A PROMINENT law firm say they will be taking legal action against the State over the case of missing and murdered boys whose case was highlighted in a recent documentary.
David Leckey and Jonathan Aven went missing in 1969 while the body of a third boy, Brian McDermott, was recovered in 1973. The cases were examined in a recent documentary – 'Lost Boys: Belfast's Missing Children' – which alleged it is likely the boys went missing and were murdered by a paedophile ring which operated out of the notorious Kincora Boys' Home, which has been linked to the British intelligence services and militant loyalism.
KRA Law, a prominent Belfast human rights law firm, announced they will be taking a case against the British state for its role in the boys' disappearances, which they say reaches to the top of the British political establishment.
Owen Winters of KRW Law's Historic Abuse Redress Department said they will be launching proceedings and making applications to the Coroner.
“It was a poignant moment when the families met for the first time in our offices to discuss all the complex legal issues arising from these incredibly sad narratives," he said. "It’s always a difficult undertaking when families try to turn the clock back and seek some long overdue justice for the loss of loved ones. That task is made all the more difficult when obstacles are placed in the way to try and prevent that happening.
“The documentary makes it glaringly obvious there was no attempt to link up all the cases in one themed investigation. We say that omission was deliberate and calculated to make sure there would never be a proper inquiry into what happened.
“We are making applications to the Coroner for a conjoined inquest on all the cases. We will also file complaints with the Police Ombudsman's Office over the systemic failures by police to investigate these missing body cases as connected murder inquiries.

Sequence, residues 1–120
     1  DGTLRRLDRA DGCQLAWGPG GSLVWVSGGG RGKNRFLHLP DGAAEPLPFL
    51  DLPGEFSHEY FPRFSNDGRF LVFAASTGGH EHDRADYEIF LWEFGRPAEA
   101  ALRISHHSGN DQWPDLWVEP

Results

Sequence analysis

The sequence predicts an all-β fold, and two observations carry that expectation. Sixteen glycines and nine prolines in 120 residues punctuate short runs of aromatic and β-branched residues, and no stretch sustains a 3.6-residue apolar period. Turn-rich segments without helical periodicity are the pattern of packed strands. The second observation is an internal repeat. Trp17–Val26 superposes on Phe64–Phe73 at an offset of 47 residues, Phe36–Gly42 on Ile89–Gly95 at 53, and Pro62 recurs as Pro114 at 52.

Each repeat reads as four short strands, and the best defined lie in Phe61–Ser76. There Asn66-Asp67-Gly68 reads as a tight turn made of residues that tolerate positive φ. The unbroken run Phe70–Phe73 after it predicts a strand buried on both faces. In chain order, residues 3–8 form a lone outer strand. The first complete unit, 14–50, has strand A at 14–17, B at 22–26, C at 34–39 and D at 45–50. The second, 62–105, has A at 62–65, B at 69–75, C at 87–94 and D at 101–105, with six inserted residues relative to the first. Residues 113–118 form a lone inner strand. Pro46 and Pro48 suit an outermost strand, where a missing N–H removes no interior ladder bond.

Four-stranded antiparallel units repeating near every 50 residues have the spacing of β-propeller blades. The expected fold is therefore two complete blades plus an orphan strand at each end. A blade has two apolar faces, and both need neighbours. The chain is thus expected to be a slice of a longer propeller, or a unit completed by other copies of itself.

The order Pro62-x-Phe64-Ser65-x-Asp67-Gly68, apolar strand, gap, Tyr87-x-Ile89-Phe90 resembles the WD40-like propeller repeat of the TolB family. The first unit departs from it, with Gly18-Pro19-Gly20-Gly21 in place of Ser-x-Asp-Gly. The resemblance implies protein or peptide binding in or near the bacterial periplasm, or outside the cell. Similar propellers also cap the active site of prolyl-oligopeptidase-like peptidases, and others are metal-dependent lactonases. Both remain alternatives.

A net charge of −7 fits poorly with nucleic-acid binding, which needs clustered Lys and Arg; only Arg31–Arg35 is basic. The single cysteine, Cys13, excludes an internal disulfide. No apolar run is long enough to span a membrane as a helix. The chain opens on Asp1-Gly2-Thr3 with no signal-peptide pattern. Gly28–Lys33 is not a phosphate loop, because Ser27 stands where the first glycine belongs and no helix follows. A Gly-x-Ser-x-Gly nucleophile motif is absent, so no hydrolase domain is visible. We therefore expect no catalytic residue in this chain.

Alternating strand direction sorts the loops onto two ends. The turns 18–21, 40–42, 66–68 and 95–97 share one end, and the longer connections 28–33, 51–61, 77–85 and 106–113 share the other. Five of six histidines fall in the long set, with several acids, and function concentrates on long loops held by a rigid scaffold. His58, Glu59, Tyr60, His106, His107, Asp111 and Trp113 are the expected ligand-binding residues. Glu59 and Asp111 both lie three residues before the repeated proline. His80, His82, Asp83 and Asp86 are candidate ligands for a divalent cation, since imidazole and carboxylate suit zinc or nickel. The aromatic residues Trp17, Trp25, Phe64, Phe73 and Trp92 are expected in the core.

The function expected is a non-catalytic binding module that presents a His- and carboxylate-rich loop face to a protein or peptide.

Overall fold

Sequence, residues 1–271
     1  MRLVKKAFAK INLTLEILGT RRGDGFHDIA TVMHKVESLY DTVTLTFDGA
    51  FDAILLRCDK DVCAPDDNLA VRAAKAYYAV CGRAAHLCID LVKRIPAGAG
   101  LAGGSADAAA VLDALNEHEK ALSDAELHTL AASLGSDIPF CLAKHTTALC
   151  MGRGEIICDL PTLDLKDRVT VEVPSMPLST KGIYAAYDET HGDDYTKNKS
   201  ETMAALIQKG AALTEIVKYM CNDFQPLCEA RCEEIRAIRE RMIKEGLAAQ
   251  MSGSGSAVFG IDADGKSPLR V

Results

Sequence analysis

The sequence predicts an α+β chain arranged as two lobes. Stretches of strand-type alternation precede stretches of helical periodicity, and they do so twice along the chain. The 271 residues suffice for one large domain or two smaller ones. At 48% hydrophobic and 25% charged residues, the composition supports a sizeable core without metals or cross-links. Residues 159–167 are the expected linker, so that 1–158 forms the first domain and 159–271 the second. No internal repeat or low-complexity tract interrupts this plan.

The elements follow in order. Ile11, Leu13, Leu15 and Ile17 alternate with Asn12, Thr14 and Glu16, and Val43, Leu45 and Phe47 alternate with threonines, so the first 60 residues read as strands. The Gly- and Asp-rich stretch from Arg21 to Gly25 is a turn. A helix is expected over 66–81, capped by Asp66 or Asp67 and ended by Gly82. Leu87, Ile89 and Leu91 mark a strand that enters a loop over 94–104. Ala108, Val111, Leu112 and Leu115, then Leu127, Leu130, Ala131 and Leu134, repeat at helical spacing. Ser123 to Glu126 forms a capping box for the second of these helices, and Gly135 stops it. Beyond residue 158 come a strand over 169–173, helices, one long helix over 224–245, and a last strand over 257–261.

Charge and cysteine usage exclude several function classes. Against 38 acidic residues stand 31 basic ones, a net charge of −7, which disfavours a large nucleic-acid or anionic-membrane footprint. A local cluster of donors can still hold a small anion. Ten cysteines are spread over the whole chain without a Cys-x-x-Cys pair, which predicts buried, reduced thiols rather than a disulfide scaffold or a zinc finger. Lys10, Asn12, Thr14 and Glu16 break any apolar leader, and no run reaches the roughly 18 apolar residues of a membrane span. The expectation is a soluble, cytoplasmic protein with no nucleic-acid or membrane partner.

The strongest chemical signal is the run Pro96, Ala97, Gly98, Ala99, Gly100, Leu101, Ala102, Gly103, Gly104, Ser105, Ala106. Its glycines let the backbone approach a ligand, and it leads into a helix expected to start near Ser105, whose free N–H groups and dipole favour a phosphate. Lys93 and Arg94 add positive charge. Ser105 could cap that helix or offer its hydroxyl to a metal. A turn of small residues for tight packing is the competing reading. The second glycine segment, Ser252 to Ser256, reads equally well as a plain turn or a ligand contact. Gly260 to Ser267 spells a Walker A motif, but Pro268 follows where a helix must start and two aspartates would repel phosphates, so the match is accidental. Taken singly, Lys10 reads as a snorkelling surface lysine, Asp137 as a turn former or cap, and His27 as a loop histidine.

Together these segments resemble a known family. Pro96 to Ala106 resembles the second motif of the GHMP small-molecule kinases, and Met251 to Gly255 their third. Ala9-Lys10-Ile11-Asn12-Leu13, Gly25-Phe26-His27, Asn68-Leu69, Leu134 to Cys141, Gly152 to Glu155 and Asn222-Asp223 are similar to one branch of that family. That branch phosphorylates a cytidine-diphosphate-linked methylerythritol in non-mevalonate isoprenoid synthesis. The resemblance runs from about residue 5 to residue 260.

“In addition, we are issuing High Court civil proceedings against the State for misfeasance, negligence, and conspiracy over the cover up.”
“Over and above this, we say there is now clearly a case for PSNI to start a thematic investigation into all the cases. As a starting point, police would do well to engage immediately with the makers of the programme.
“There’s something inherently wrong with a justice system that places over-reliance on the far-reaching work of investigative journalists before a meaningful inquiry can look at why suspects were protected from prosecution.”
Just watched #LostBoys Belfast's Missing Children at Omniplex.— Seán Lawlor (Cambridge Barbershop) (@cambridgebarber) October 28, 2023
So angry at the revelations...not entirely surprised though, but left very angry.
Hopefully this film will resuscitate case files until families get closure.
Well done to all involved.@desfilmsstuff@Alleycatstv pic.twitter.com/SuoWOUsxzJ
Mr Winters continued: “Even though all the main suspect perpetrators are dead, that doesn’t mean work shouldn’t start immediately. The passage of time ought not to prohibit a full-scale inquiry into the institutional failings which occurred here. That includes looking at links between the cases and the notorious Boys Home at Kincora.
“State agencies, including MI5, were alleged to have prevented the full truth about Kincora historic abuse of boys during the 1970s, all of which happened in the same geographical area and time span as these missing boy cases.
“MI5 were never compelled to attend nor provide information to the Hart Inquiry into historic institutional abuse in the jurisdiction. We now want to try and address that failure by calling on the Secretary of State to authorise an independent inquiry into the 'Lost Boys' with full powers to access hitherto concealed documents.
“The families of the missing boys and Brian McDermott are long overdue some semblance of justice. We call on all engaged state agencies to do the right thing and help them to get just that.”